Want Business Impact? Just Balance Employee Happiness and Performance

Photo by Dreamstime
Photo by Dreamstime

Last week I shared insight from Eventbrite Co-Founder and President Julia Hartz on the importance of helping employees understand how they personally and individually contribute to achieving the company vision.

In the same interview, Ms. Hartz also tackled a subject I’ve seen more and more in the last few months – should happy employees be our goal? Shouldn’t we, as a business, be focused on performance and results?

I like how Eventbrite arrived at the answer.

In Ms. Hartz’s words:

We’ve discovered that the common denominator of performance and happiness is impact and so that’s what we’re going to focus on. I realized this was the question that had been plaguing me. I wondered if I had sacrificed productivity at the expense of happiness. I then went back to the drawing board and thought about how you elegantly, subtly and thoughtfully introduce this notion of performance into a culture where people are happy and really enjoy their day-to-day. Granted it wasn’t that we weren’t performing as a whole. Rather it was how do we think about the future and setting the bar even higher? How do we think about velocity, quality and happiness?

The entire last year we’ve kind of germinated through this notion of performance. We’ve discovered that the common denominator of performance and happiness is impact – and so that’s what we’re going to focus on. That’s where we’re going to put our cards and how we’re going to drive the team.”

This is driving to the balance of recognizing the “what” as well as the “how” – understanding that achieving results isn’t enough. We must balance that with the manner in which those results were achieved. In the case of Eventbrite, it’s balancing performance and happiness to arrive at impact.

Impact, to me, is another way of expressing engagement. Employees need to know their daily efforts are contributing to achieving a greater objective or purpose – they are having an impact. This is foundational to employee engagement – understanding what I do has value and, therefore, choosing to give more discretionary effort to achieve desired goals.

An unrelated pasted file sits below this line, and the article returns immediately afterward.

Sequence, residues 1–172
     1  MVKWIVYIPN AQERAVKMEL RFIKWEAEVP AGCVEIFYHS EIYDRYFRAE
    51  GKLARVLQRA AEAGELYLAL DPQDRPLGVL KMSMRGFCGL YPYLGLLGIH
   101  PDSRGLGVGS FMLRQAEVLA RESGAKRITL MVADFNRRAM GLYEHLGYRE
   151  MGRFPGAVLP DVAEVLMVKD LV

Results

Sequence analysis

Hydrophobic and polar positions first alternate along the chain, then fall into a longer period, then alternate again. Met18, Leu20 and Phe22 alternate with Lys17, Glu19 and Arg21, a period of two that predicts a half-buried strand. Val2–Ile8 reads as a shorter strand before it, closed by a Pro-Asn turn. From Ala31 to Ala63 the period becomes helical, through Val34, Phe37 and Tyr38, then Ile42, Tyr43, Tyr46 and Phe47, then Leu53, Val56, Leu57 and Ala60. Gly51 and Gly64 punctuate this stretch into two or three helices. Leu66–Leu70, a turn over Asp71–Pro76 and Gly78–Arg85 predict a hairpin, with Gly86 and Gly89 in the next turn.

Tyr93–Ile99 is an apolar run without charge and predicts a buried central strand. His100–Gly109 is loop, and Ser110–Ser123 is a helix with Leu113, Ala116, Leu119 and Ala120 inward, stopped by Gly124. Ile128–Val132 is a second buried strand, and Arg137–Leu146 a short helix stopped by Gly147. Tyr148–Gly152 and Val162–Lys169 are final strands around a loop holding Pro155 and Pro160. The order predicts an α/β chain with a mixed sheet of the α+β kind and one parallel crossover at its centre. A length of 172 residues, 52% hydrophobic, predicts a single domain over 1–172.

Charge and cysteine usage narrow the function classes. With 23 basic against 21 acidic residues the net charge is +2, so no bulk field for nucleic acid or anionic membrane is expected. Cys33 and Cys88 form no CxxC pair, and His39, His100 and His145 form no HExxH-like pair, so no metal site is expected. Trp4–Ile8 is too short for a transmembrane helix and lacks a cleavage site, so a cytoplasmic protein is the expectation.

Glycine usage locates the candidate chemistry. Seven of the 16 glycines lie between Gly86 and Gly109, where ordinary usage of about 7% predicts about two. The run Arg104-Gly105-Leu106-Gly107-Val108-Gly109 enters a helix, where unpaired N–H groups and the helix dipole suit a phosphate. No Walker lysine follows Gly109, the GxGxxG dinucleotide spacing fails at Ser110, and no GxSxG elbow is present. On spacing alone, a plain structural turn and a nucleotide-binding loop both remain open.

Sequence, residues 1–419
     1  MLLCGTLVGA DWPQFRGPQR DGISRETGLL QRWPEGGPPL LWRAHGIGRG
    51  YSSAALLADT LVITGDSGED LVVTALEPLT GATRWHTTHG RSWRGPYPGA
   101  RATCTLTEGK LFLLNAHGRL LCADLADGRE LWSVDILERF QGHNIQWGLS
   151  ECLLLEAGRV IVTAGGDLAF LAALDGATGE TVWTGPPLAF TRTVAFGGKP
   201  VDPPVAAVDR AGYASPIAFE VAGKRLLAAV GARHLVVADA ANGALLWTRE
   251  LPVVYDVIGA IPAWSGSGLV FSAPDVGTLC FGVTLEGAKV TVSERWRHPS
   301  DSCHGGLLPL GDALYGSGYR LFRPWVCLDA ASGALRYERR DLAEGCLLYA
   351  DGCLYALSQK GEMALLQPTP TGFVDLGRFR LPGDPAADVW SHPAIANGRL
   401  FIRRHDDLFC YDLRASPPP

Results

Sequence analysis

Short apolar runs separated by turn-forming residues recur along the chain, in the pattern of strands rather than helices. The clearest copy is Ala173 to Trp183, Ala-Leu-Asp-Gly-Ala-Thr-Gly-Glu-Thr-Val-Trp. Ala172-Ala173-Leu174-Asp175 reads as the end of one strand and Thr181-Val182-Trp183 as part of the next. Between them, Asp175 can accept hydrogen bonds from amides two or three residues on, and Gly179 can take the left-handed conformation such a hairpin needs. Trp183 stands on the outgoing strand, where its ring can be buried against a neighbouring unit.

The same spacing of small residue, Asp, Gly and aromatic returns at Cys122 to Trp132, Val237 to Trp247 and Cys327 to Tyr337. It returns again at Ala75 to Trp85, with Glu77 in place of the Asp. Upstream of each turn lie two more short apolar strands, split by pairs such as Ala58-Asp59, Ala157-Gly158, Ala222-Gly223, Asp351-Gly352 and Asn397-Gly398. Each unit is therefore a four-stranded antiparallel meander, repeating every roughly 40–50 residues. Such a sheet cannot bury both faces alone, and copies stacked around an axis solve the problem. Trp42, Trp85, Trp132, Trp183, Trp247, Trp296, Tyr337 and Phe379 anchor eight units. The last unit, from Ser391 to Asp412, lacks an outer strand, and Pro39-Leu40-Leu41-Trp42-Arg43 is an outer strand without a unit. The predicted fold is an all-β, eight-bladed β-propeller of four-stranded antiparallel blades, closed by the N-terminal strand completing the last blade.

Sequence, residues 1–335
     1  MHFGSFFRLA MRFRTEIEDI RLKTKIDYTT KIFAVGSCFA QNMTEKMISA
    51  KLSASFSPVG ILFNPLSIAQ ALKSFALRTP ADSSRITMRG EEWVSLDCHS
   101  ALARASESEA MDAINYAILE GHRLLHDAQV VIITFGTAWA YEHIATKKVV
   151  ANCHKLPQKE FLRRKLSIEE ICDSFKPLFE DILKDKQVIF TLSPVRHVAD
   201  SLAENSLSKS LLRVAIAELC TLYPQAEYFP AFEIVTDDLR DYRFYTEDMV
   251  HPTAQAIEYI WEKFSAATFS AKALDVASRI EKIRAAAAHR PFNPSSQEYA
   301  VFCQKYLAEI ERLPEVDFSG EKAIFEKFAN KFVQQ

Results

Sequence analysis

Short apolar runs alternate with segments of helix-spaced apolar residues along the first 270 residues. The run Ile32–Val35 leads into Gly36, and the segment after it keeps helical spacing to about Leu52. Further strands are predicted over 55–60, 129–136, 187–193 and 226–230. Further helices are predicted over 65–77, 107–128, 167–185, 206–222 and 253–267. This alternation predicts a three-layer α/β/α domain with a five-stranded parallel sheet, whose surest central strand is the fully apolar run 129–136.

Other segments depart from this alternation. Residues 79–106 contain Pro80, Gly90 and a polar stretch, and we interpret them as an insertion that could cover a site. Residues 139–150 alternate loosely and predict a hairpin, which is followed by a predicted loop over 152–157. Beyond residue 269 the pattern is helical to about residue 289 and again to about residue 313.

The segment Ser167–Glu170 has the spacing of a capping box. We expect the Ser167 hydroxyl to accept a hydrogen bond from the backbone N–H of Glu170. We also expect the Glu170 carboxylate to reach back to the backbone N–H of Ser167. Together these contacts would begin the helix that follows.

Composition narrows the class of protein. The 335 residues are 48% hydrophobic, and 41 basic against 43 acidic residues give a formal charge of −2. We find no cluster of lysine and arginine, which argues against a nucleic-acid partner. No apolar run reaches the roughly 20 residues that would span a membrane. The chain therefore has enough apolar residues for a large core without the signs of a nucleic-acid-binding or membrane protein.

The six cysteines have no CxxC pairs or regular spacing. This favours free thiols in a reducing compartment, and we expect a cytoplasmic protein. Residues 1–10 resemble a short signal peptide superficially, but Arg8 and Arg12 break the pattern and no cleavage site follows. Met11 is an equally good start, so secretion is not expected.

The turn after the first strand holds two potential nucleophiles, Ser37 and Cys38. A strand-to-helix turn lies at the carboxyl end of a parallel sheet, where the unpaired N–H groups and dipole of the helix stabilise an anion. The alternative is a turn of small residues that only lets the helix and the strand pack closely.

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You can have a slew of happy employees but no relevant business results. You can also have tremendous results, but nothing but miserable employees.

Both models are clearly unsustainable. Find the balance, achieve engagement, and see results soar.

You can find more from Derek Irvine on his Recognize This! blog.

Derek Irvine is one of the world’s foremost experts on employee recognition and engagement, helping business leaders set a higher vision and ambition for their company culture. As the Vice President of Client Strategy and Consulting at Globoforce, Derek helps clients — including some of world’s most admired companies such as Proctor and Gamble, Intuit, KPMG, and Thomson Reuters — leverage recognition strategies and best practices to better manage company culture, elevate employee engagement, increase retention, and improve the bottom line. He's also a renowned speaker and co-author of Winning with a Culture of Recognition. Contact him at irvine@globoforce.com.


2 Comments on “Want Business Impact? Just Balance Employee Happiness and Performance

  1. Hi derek! Performance & engagement are needed for sustainable results. This is our business value proposition in peoplerise (peoplerise.net) and i do really agree with you: it’s the constant attention to both axys that drives success

  2. I remember being told by a friend that I was successful in my management position because I knew how to make my employees happy. I confessed to him that I had never considered my employees happiness, but instead wanted them to be challenged, fulfilled, and to know that what they did was important. If that made them happy, then so be it.

    When I consulted to a furniture factory some of the shop floor workers would complain about just making furniture. I described for them a really bad day at work, driving home through a terrible rainstorm, getting home late, and finding that “chair” in the living room where we finally relax. Tell me that’s not important! Furniture is what makes a house a “home”. There was a renewed sense of value on the shop floor after that.

    I cannot understand how we have lost the connection between the importance of our work, and the importance of our workers. American industry (in a large part) does not get that the most important people are the people who make the most important product which is the one our customers buy!

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